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- ‘The Thing About Men’ Twitter hashtag is full of sarcasm and misogyny Monday 7:27 PM
- This woman said Hillary Clinton losing the 2016 election gave her PTSD, and people are furious Monday 6:45 PM
- Vanessa Bryant files a lawsuit against helicopter company after deaths of Kobe and Gianna Monday 5:49 PM
- Michael Jordan cries at Kobe Bryant memorial, jokes about creating a new meme Monday 4:43 PM
- Woman’s boyfriend says it’s him or the frogs—Reddit says choose the frogs Monday 4:22 PM
- Greyhound buses will no longer allow Border Patrol checks Monday 4:04 PM
- ‘Eat Them To Defeat Them’ is oddly about vegetables—not about eating the rich Monday 3:26 PM
- Marco Rubio mocked for filming talking while driving socialism critique Monday 2:54 PM
- QAnon believer asks Trump’s campaign press secretary who Q is Monday 2:36 PM
- Octavia Spencer has discovered ‘Ma’ memes—and she can’t get enough Monday 2:09 PM
- Meet the anti-Greta Thunberg, a climate ‘skeptic’ funded by the oil industry Monday 1:12 PM
- Harvey Weinstein convicted of rape and sexual assault Monday 12:56 PM
- Senator calls Facebook’s current election disinformation efforts ‘inadequate’ in letter Monday 12:11 PM
In an effort to be more transparent, Snapchat released a political ads library, detailing who paid for what ads, along with their target demographic.
“At Snap we strive to create a safe, transparent, and trusted platform for our users. Our Political and Advocacy Ads Library is one of the many efforts we’ve taken in doing that. This gives the public an opportunity to find out details about all political and advocacy advertising running on our platform,” the Snap Political Ads Library landing page reads.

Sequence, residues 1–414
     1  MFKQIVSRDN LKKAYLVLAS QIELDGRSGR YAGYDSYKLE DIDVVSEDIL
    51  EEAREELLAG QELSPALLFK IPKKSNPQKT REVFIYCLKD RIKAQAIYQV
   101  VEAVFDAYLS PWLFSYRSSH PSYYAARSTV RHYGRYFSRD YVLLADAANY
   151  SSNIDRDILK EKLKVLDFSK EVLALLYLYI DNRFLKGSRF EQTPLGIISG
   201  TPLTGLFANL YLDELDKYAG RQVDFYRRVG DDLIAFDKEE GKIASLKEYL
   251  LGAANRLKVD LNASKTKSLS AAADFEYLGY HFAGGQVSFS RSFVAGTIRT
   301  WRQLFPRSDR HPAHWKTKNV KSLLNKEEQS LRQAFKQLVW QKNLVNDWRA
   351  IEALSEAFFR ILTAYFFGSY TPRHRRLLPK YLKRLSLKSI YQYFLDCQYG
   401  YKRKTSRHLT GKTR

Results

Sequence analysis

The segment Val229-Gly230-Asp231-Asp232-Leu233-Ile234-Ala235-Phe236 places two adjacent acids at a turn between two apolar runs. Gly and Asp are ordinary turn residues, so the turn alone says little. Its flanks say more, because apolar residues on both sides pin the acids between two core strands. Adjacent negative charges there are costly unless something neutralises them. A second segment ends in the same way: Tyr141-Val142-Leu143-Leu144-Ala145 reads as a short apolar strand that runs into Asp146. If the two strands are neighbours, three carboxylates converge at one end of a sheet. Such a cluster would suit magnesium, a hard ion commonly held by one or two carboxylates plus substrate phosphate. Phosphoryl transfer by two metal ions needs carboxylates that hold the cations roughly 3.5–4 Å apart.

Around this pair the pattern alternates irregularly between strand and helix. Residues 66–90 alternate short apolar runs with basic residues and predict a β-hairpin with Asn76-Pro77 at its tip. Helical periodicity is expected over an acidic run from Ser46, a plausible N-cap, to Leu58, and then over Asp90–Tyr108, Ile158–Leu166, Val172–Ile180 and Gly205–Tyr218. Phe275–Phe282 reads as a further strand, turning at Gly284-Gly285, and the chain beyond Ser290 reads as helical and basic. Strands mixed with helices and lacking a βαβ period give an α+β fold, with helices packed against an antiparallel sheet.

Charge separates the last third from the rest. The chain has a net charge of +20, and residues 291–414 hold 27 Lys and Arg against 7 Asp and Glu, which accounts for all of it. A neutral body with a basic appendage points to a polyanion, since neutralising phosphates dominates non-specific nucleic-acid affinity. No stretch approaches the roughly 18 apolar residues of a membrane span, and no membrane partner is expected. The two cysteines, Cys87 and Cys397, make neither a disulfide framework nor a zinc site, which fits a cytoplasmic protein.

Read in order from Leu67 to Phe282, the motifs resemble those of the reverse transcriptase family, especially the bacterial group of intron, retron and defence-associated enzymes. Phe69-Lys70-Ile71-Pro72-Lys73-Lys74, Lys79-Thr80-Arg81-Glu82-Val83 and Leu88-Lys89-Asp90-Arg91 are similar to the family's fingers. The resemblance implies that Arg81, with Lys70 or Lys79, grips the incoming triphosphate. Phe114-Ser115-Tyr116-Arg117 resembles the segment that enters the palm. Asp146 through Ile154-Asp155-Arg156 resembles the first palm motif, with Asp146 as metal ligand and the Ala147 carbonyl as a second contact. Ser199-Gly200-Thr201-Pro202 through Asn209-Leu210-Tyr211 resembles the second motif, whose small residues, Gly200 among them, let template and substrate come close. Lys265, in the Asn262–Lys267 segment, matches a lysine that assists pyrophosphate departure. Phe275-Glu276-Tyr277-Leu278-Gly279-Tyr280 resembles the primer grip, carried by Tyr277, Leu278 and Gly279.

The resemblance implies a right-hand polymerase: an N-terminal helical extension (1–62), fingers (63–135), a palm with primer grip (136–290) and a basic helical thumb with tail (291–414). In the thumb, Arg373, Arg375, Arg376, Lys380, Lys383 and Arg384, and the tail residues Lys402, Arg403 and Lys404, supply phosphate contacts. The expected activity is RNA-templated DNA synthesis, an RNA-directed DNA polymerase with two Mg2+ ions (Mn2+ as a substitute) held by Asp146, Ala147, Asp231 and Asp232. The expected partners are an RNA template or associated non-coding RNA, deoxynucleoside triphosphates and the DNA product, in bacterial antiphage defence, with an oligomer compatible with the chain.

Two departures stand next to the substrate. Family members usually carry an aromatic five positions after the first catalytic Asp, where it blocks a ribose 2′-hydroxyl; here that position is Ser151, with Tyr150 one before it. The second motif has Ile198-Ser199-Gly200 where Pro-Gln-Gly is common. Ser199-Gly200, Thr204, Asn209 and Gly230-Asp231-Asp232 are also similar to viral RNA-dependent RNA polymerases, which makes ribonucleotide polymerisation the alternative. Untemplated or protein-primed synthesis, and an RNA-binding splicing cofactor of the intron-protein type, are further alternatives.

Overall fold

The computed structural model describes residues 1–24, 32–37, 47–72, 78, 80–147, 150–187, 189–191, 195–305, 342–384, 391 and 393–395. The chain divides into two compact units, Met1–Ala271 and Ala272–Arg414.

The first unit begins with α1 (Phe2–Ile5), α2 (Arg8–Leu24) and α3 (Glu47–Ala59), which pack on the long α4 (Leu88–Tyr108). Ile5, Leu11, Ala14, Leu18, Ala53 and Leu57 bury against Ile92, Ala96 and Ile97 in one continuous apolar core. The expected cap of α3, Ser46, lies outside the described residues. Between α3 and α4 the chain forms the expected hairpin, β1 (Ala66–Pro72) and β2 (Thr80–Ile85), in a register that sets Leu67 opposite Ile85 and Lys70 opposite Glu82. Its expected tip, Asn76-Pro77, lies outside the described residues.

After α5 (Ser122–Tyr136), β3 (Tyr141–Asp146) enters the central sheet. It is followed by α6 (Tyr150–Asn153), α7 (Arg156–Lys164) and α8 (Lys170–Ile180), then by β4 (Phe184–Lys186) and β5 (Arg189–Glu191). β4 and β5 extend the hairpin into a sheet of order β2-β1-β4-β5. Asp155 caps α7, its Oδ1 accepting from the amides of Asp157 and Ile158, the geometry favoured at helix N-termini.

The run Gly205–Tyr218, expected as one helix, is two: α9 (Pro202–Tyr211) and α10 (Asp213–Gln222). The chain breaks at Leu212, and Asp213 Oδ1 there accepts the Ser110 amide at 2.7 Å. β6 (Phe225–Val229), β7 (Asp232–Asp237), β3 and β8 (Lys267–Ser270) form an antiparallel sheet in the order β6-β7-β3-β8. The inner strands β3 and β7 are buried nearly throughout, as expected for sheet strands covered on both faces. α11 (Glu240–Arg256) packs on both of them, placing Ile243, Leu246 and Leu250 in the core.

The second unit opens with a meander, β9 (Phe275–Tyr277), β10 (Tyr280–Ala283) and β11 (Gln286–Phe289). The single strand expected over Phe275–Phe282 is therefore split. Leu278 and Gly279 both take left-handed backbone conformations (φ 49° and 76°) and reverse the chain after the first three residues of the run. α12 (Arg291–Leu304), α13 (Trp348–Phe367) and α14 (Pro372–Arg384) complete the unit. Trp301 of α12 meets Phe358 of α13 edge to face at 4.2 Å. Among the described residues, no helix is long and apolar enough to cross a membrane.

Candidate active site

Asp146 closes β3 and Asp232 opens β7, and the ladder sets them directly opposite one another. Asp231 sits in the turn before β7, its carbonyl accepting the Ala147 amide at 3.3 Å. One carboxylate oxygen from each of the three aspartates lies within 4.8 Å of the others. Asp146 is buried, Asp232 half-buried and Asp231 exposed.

Snapchat released political ad data for 2018 and 2019 in the form of spreadsheets, accessible to the public. Some of the 2020 presidential candidates who have purchased political ads are President Donald Trump, Beto O’Rourke, Sen. Elizabeth Warren (D-Mass.), and Sen. Kamala Harris (D-Calif.) Organizations like Planned Parenthood and Amnesty International have also purchased issue-based ads.
Snapchat’s ad policy requires that political ads contain “paid for by” disclaimer. Those who aren’t citizens or residents of the U.S. are banned from purchasing political ads. Humans with the company make sure every ad complies with these rules.
The majority of the ads bought are targeting young people, which makes sense as Snapchat is especially popular among 18- to 24-year-olds, according to the Pew Research Center.
And it’s not just U.S. politicians who are using Snapchat as a tool to mobilize young people. On Sept. 9, the U.K. government spent an equivalent of nearly $30,000 on a single Snapchat ad, promoting its “Get Ready For Brexit” campaign.
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Eilish O’Sullivan is the news wire editor for the Daily Dot. Her work has appeared in the Austin Chronicle and the Daily Texan.